Coastal restoration and protection is one of the most critical issues facing south Louisiana today. Sinking land, rising water, hurricanes, and human-built levees and canals are just a few of the reasons that south Louisiana is losing land to the Gulf of Mexico every minute. Keeping south Louisiana above water is an enormous project, and Jean Lafitte works with federal, state, and local governments, wetlands organizations, and people from throughout the world in the fight to save our coast.
In August 2017, a major project began at the Barataria Preserve to mitigate freshwater marsh damage caused by post-Hurricane Katrina levee improvements by the US Army Corps of Engineers. Levee work damaged wetlands in the New Orleans area by covering them with levees, floodwalls, or other structures, by using them as sources for levee materials, and by disturbing them for temporary construction needs like roads and material stockpiles. The mitigation project will rebuild and protect freshwater marsh within the preserve to compensate for wetlands damage caused by levee work in the area. There are two parts to the project: the geocrib and Yankee Pond.
The geocrib work will protect shoreline and encourage native marsh plant species. The geocrib was an old shoreline protection project built along the edges of Lake Salvador on the preserve's west side. The geocrib was replaced by a long stretch of rocks designed to protect shoreline from erosion, but the area is still referred to as the geocrib. The rock protection system includes "fish dips," low spots in the rocks that allow aquatic organisms to pass through. The project will reengineer the fish dips for better performance. At the same time, non-native plants like Chinese tallow trees and woody plants like willows will be removed to encourage the growth of marsh plants---grasses, not trees.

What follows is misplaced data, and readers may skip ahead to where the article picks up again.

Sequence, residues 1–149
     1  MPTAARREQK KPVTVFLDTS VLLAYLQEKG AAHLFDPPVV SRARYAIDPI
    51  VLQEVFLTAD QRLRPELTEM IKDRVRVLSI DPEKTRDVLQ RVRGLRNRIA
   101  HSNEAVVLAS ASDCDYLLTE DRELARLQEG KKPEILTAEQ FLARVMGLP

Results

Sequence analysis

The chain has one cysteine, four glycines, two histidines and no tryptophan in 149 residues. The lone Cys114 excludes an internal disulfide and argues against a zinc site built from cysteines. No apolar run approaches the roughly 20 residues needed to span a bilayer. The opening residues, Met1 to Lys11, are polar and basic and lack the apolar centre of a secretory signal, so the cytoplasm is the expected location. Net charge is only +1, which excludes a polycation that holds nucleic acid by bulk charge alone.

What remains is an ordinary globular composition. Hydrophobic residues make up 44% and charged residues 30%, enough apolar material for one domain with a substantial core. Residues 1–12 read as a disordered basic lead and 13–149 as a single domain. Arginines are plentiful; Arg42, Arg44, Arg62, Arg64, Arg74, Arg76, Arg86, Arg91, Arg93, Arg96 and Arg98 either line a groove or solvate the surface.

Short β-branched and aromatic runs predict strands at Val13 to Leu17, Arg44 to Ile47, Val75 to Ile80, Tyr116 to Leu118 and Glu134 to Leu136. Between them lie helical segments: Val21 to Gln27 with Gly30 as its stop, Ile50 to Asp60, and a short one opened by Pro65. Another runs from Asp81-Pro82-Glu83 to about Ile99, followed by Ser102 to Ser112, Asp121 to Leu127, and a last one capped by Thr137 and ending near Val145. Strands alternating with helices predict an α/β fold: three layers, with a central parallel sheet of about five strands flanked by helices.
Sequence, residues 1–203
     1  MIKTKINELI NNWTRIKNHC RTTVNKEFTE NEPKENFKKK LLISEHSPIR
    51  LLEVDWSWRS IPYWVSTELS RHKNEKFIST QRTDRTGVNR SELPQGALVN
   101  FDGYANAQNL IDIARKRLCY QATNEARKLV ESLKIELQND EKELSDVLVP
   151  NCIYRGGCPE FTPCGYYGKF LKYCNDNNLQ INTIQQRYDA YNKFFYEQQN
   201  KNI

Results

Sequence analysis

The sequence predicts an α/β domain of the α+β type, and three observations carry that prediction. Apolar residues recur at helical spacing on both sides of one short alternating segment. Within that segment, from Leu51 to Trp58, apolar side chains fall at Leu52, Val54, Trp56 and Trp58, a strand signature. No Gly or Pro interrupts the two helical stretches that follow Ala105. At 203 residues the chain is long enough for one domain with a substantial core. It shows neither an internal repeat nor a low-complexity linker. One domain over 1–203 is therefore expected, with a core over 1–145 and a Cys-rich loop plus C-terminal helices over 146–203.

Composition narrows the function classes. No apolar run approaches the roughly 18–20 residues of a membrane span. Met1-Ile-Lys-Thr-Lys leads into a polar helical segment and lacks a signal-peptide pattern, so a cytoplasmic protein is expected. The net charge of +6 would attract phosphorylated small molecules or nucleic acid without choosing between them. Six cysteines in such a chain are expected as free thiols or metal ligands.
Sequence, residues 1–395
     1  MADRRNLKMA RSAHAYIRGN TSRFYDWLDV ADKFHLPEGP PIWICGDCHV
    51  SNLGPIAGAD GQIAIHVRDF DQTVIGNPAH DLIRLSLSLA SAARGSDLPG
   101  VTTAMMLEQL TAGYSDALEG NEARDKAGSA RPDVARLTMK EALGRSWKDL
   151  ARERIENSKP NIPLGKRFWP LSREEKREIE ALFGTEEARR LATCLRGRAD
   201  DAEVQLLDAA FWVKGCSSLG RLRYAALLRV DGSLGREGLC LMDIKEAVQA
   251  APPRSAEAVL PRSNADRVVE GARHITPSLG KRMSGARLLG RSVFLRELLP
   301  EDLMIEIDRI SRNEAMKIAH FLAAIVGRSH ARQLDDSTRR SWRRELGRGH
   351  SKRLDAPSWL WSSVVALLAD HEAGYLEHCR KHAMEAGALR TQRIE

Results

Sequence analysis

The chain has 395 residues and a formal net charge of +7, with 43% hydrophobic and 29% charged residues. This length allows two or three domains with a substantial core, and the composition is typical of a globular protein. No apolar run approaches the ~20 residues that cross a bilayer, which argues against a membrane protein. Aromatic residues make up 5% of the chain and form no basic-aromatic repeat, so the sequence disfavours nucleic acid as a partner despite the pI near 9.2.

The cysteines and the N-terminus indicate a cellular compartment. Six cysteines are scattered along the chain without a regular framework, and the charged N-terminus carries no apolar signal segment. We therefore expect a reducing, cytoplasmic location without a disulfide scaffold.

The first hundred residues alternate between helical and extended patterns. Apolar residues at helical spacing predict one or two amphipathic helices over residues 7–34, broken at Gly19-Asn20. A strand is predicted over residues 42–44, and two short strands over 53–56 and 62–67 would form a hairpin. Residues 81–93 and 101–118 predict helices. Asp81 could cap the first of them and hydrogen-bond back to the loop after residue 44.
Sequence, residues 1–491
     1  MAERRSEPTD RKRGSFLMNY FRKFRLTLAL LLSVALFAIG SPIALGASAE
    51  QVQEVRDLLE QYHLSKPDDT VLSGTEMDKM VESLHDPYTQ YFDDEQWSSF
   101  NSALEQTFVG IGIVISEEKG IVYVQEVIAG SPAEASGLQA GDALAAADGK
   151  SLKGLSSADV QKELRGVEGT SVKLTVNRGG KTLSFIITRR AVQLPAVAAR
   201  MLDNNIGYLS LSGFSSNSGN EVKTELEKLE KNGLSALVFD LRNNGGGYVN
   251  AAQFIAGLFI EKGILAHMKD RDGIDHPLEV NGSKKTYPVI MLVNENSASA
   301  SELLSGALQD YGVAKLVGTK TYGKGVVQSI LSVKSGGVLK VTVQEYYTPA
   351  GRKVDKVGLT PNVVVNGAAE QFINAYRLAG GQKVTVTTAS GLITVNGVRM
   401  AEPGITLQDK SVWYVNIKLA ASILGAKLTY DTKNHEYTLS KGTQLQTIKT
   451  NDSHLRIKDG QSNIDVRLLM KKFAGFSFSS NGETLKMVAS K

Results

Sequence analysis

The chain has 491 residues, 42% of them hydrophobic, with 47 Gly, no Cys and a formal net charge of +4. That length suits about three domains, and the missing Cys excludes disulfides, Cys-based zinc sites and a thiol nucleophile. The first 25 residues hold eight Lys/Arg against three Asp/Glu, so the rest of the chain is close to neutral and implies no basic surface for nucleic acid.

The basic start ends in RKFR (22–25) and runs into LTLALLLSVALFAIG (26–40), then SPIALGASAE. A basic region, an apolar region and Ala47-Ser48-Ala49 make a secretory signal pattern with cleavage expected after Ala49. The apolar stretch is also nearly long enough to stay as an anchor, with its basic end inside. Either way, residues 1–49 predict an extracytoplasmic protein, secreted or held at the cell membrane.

The Yankee Pond project (see the map below) will fill in 108 acres of what was originally freshwater marsh. In the early 1900s, farming operations caused the land to sink and become open water. Contractors for the US Army Corps of Engineers will use dredged sediment, mostly from nearby Lake Cataouatche, as fill. The project will also add rock shoreline protection along the side of Yankee Pond that fronts on a navigable waterway to protect the new land from erosion.
Major construction on the $11 million projects is expected to last for several months, and work will be done around the clock to keep the highly expensive equipment that's required from sitting idle. More information about the Barataria Preserve project is available at the WBV HSDRRS Wetland Mitigation permit links on Jean Lafitte's park projects web page.
The Yankee Pond project will use sediment from the borrow area in Lake Cataouatche to re-create the freshwater marsh that is now the open water of Yankee Pond.
Last updated: May 4, 2020